What’s Going On When Something Goes Down the Wrong Pipe?
What exactly happens when food or drink goes down your windpipe instead of your esophagus? Pulmonologist Bohdan Pichurko, MD, explains this phenomenon, known as aspiration.
You’re at the ballgame with friends, snacking on peanuts. The bases are loaded, and then, just like that, your favorite player hits a grand slam!
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You rise to your feet to cheer — but some of those peanut crumbles in your mouth catch in your throat. After a coughing fit, you finally feel some relief. But what the heck just happened?
Something got sucked into your breathing tube instead of entering your food tube as it should.
What’s going on when something goes down “the wrong pipe” like that? It’s what doctors call aspiration.
When foreign material — food, drink, stomach acid, or fumes — enters your windpipe (trachea), it’s known as aspiration.
Normally, a well-coordinated muscle interaction in your lower throat propels food into your food tube (esophagus) and protects your airways. Your vocal cords and epiglottis help keep your airways closed off from food, drink or saliva.
It’s an automatic process, but sometimes something slips through the wrong way, especially when you’re distracted.
When you aspirate, your body’s fight-or-flight response triggers an outpouring of adrenaline and boosts your heart rate and blood pressure. A gag or cough reflex will start automatically and often fixes the problem, says Bohdan Pichurko, MD, Cleveland Clinic’s Pulmonary Function Lab Director.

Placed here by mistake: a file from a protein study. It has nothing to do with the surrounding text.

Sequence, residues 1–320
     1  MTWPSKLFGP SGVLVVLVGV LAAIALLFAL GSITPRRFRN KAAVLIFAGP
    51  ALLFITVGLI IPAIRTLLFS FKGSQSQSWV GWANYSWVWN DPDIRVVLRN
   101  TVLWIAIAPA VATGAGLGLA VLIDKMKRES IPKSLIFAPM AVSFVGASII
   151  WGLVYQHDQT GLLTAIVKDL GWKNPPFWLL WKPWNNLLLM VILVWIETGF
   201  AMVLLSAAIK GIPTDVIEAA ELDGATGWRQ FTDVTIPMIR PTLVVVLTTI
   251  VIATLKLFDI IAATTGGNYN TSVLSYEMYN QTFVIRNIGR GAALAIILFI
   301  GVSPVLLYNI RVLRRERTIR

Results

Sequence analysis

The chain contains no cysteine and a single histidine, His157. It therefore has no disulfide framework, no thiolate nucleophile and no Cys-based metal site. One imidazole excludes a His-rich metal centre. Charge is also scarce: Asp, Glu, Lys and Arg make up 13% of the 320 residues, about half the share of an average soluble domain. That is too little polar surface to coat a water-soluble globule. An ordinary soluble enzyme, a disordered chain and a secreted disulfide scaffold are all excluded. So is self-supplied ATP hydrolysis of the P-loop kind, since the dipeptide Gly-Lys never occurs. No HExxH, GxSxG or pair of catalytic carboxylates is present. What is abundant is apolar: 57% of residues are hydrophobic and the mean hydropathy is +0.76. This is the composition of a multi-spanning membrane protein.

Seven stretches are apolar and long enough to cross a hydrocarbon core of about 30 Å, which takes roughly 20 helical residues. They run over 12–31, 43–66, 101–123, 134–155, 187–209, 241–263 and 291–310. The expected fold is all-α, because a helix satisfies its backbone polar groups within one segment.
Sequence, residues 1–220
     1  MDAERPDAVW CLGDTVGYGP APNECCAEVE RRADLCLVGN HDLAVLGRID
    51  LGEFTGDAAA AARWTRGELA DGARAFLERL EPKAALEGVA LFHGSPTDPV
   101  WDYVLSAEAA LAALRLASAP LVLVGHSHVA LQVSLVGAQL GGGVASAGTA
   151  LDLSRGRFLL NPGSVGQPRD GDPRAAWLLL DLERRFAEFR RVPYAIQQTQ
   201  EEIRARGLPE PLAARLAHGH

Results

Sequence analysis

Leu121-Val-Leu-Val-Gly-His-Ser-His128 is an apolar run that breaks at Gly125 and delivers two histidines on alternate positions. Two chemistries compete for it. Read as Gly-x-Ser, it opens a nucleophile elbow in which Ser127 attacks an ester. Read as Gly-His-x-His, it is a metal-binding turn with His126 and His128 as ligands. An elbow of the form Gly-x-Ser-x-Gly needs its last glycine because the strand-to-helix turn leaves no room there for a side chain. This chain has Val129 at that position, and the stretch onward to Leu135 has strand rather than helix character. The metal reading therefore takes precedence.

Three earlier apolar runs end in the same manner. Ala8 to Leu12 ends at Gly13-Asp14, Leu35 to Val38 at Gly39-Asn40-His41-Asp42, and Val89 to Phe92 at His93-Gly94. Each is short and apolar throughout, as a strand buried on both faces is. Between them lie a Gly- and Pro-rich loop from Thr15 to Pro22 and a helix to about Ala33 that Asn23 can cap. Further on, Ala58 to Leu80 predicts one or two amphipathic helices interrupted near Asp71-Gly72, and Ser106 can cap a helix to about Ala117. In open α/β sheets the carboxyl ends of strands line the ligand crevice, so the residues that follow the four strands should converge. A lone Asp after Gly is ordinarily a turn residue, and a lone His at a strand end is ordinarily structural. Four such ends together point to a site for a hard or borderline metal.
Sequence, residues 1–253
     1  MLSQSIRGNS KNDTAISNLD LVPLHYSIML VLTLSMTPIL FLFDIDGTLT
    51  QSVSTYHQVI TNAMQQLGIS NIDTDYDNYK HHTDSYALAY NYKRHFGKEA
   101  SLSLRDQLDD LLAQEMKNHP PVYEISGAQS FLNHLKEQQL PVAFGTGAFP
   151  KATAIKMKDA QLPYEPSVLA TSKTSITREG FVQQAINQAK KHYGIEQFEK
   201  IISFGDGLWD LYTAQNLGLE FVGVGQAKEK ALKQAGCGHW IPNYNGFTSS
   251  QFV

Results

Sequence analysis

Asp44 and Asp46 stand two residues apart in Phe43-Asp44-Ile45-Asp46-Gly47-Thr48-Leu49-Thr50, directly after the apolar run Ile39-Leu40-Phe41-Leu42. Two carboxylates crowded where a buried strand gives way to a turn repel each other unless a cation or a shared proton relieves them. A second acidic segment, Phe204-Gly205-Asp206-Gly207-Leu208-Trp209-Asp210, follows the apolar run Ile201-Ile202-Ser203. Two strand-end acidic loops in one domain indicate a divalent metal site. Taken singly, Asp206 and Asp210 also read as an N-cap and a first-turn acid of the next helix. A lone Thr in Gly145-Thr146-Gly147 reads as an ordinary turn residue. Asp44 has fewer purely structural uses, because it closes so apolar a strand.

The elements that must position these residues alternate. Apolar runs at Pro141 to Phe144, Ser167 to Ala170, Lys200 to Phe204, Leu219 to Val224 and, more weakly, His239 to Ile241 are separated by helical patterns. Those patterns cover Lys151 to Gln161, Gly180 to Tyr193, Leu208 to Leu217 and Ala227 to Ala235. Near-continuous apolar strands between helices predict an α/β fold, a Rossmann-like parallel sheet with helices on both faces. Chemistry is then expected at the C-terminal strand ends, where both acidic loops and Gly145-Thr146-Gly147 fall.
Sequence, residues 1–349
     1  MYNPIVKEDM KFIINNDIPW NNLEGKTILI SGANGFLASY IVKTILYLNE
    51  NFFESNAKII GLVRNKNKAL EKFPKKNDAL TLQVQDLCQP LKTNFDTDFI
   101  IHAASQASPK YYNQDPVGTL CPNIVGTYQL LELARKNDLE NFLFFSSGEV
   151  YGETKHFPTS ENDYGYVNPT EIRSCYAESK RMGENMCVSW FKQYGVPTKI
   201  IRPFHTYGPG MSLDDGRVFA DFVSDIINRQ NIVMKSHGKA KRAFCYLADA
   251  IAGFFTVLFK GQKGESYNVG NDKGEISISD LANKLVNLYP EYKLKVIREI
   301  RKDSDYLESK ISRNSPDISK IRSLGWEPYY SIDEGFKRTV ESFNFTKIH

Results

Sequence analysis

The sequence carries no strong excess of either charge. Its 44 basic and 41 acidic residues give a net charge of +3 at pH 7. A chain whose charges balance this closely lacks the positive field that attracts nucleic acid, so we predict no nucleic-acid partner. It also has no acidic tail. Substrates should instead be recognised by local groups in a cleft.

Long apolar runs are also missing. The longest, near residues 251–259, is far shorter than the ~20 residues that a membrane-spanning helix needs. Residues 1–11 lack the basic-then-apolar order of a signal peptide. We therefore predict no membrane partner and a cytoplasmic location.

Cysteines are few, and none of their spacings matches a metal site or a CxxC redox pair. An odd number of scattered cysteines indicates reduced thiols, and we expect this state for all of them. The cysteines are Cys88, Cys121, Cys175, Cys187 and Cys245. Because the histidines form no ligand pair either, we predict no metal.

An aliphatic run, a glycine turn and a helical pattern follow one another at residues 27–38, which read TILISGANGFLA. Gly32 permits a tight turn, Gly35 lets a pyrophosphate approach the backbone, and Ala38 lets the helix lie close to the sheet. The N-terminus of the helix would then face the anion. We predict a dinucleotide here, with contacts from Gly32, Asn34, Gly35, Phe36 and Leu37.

“This is often brief if we promptly expel the aspirated material,” he says. “However, at the other extreme, it may follow eventually with fever and reduced oxygen levels, requiring medical attention for possible pneumonia.”
So how should you respond if your cough alone doesn’t do the trick?
If you’re still coughing two to four hours after aspiration or if blood appears, call a doctor. Watch for fever, chills, and/or a cough that produces discolored mucus or sharp stabbing chest pain.
“Over 24 hours following aspiration, respiratory infection such as bronchitis or pneumonia may complicate the process,” Dr. Pichurko says. “When healthy, your bronchial tubes are sterile, delicate structures that don’t tolerate the intrusion of abnormal material.”
Repeated episodes of aspiration are sometimes a sign that you have another issue, he says.
Frequent aspiration accompanied by hoarseness may signal a vocal cord disorder. In this case, consult a physician who specializes in the ears, nose and throat for an examination.
Regular coughing that occurs during meals or repeatedly awakens you from sleep may point to a swallowing disorder or muscle coordination issues.
“Talk to your primary physician and he or she will likely arrange an X-ray swallowing study,” Dr. Pichurko says. “In the elderly, this may occur as an early sign of a neurological disorder such as Parkinson’s disease or previous stroke, or in the setting of severe muscle weakness due to an underlying chronic illness.”
A few tips can help you avoid aspiration:
And if the batter smacks a home run at that baseball game? Make sure you swallow your peanuts before you start to cheer.